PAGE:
People will need to test negative for the virus to access cinemas, theatres, sports events, weddings and baptisms until at least Jan. 9. On Christmas and New Year's, people will need a negative test result to access restaurants and public celebrations.
On New Year's Eve, no more than ten people can gather in the street, and drinking alcohol outdoors will be prohibited. This comes despite Portugal's high vaccination rate with around 87% of its population fully vaccinated against the virus.
Portugal reintroduced tighter pandemic restrictions on Dec. 1 to contain a new surge in infections. Facemasks once again became mandatory and the country tightened control of its borders.
A digital certificate proving vaccination or recovery from COVID-19 is required to access restaurants, cinemas and hotels.
On Dec. 25, the Portuguese Directorate-General of Health declared that Omicron became the most dominant strain, found in two-thirds of all COVID-19 cases in the country.
Portugal set a new record for daily COVID-19 cases on Dec. 31, officially reporting almost 31,000 new infections. It was the fourth straight record-breaking day.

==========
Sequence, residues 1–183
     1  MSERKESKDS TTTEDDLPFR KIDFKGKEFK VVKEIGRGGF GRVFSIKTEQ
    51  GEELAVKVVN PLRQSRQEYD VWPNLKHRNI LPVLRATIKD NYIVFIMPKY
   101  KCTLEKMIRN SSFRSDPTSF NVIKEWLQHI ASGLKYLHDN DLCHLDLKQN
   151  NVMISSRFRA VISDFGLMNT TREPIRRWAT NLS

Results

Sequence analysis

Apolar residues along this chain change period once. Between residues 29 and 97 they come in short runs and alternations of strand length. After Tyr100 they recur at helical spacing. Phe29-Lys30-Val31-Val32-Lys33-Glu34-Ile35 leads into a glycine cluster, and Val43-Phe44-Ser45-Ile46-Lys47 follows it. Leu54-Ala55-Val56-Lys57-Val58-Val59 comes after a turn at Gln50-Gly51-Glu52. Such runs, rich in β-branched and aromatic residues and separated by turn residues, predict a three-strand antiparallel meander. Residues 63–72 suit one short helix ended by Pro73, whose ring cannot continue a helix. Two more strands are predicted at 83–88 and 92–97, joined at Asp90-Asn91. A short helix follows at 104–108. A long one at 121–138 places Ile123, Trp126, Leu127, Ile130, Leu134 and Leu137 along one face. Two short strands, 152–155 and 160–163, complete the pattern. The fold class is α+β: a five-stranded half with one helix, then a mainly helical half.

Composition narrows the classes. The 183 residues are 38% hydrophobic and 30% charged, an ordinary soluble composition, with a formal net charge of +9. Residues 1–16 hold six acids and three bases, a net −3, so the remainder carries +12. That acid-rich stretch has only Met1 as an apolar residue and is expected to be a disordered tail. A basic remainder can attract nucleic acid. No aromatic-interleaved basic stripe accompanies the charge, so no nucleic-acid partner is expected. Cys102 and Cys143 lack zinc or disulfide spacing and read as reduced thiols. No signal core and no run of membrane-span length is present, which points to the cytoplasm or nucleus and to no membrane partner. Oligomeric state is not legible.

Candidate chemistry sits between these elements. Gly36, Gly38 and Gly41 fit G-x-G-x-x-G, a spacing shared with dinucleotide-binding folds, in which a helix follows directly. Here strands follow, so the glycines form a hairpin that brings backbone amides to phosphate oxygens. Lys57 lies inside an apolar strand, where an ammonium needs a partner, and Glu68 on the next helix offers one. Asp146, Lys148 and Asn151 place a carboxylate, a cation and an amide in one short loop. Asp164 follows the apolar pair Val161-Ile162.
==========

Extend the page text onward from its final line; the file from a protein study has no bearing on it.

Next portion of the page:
The Netherlands is back to a nationwide lockdown since Sunday (Dec. 19) to curb the Omicron variant, caretaker prime minister Mark Rutte said after a meeting with his government to discuss new restrictions.
He added that the move was "unavoidable because of the fifth wave caused by the Omicron variant that is bearing down on us".
Young children registered the steepest rises in infections in a recent coronavirus surge in the Netherlands.
Lockdown measures were introduced last month. Bars, restaurants, and other public meeting places such as theatres and cinemas have been shutting their doors at 5 p.m. since Nov. 28 and will now have to continue through the holiday season.